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Apple doubles down on chip strategy with new MacBooks

Apple Inc on Monday announced two new MacBook Pro models, 14-inch and 16-inch respectively, that run on more powerful in-house chips.
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Apple doubles down on chip strategy with new MacBooks

In this photo released by Apple, CEO Tim Cook poses with a new MacBook Pro during an online event unveiling new products at Apple Park in Cupertino, California on October 18.

Apple Inc on Monday announced two new MacBook Pro models that run on more powerful in-house chips, furthering its break from previous supplier Intel Corp and showing its strategy for setting its machines apart from the rest of the PC industry.

The new 14-inch and 16-inch models start at US$1,999 and range up to US$6,099 in their most expensive variations. 

Using two new chips called the M1 Pro and M1 Max, Apple claims they will far outperform rival machines based on Intel and Advanced Micro Devices, especially when the new laptops are used with only battery power.

With the moves announced in an online event on Monday, Apple is courting a group of users that include professional photographers, filmmakers and audio producers looking for a powerful tool – a prestige segment that rivals such as Microsoft Corp have in recent years tried to peel away from with its lineup of Surface hardware.

But it is also laying out a path for what Apple's computers will look like when it completes its two-year transition away from Intel chips next year. The chips have helped propel Mac sales, which were up 32 percent to US$26 billion in the first nine months of Apple's fiscal 2021.

Apple's first laptop chip – last year's M1, used in the company's consumer-oriented MacBook Air and less-expensive Pro models – had some advantages over Intel's chips. But those have become starker with the professional-grade chips, whose features will likely filter into lower-end models over the coming years, said Ben Bajarin, head of consumer technologies at Creative Strategies.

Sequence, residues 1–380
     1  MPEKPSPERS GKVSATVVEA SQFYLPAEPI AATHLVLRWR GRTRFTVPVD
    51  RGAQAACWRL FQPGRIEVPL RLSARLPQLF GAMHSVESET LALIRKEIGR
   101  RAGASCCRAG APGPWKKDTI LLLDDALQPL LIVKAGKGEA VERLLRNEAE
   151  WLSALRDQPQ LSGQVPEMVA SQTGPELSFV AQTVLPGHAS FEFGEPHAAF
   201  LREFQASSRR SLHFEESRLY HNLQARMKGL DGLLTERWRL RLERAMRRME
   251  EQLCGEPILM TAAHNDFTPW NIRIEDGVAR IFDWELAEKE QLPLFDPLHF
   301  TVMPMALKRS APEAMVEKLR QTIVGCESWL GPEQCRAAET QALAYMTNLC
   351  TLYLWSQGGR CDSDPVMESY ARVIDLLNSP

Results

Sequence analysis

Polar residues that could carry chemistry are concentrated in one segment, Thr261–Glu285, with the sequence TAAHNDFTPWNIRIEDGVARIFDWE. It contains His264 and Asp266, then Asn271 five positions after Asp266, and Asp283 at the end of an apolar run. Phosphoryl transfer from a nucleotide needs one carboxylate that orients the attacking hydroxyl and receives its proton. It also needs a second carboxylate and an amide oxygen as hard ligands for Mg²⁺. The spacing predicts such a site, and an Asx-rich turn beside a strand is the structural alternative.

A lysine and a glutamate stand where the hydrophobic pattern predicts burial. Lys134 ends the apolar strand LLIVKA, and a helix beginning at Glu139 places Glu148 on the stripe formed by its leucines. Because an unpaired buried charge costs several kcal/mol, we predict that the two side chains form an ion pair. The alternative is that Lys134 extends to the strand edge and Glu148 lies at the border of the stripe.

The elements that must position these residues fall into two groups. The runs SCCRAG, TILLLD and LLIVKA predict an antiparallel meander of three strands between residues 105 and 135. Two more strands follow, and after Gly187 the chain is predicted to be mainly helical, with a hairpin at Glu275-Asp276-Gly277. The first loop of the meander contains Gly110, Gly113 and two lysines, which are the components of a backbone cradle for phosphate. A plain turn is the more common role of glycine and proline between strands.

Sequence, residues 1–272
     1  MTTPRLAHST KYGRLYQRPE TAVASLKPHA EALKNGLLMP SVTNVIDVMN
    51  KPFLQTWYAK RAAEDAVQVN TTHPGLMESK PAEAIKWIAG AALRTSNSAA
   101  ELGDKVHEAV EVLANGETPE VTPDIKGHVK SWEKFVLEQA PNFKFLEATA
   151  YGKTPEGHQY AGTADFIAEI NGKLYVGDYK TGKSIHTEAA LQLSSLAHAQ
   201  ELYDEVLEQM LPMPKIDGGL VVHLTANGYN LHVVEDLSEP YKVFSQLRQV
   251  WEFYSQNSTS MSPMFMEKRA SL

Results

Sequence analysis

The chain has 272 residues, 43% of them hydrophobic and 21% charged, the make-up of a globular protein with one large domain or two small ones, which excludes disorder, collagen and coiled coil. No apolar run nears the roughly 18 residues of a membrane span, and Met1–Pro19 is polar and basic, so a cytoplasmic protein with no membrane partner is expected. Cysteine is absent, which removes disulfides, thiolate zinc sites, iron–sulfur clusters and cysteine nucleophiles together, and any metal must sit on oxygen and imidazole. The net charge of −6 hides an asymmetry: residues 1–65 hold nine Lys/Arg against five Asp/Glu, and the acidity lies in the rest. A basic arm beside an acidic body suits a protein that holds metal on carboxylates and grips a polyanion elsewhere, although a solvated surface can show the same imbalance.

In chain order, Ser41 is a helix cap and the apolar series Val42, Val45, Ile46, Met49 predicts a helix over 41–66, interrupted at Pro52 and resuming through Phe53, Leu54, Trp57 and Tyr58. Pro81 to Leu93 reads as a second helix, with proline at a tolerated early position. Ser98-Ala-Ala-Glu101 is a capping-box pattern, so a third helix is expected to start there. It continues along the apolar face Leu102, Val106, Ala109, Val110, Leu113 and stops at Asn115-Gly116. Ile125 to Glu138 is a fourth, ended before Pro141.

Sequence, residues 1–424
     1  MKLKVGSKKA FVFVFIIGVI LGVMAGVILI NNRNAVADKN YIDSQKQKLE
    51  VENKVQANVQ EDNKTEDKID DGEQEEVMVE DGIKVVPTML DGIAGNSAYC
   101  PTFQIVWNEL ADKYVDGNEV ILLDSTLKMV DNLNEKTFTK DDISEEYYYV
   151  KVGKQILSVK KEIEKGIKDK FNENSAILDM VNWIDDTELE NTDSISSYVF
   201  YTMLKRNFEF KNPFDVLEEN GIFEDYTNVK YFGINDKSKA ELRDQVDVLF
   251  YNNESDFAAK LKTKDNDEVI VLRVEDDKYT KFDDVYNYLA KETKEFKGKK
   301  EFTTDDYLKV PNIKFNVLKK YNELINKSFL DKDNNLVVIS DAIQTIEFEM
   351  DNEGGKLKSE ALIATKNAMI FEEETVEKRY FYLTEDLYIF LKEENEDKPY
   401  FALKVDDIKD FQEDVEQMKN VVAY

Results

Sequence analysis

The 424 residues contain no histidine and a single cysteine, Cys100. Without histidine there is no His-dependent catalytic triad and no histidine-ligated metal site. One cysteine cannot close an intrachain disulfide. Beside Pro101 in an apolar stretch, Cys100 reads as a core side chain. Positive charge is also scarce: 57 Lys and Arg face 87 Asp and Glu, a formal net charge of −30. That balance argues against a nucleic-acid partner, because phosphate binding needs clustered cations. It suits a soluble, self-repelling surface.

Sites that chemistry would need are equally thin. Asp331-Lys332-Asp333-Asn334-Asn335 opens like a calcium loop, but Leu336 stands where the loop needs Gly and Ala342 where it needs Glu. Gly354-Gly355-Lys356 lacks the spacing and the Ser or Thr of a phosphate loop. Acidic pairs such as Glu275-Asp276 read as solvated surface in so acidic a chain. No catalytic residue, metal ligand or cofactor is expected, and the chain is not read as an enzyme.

"This is the first bedrock that has been laid architecturally, and in many ways it's unprecedented to see this level of performance at this level of power efficiency," he said.

Johny Srouji, Apple's chip chief, said the M1 Max chip uses up to 100 watts less power than other high-end laptop chips, which translates to better battery life.

"It's the most powerful chip we've ever built," Srouji said of the M1 Max.

Apple said the 14-inch model will start at US$1,999 and the 16-inch model will start at US$2,499. Both computers will start shipping next week, Apple said.

Apple also announced several new music-related products at its Monday event. The company announced a US$5-a-month version of its streaming music service that will allow access to its full music catalog on Apple devices by using its Siri voice assistant. 

Apple's full service remains US$10 a month, and shares of streaming music rival Spotify Technology SA were up 0.4 percent on the news, suggesting Spotify's investors do not view the new service as a major threat.

AirPods are sweat- and water-resistant for use with workouts and will have some sound features previously found in the higher-end AirPods Pro, Apple said during the launch event. Apple said the new AirPods will cost US$179 and start shipping next week.

Add-on devices like AirPods tend to be large sellers during holiday shopping seasons and have become one of Apple's fastest-growing categories, with its home and accessories segment growing 25 percent to US$30.6 billion in Apple's fiscal 2020.

Apple shares were up about 0.8 percent on Monday afternoon.

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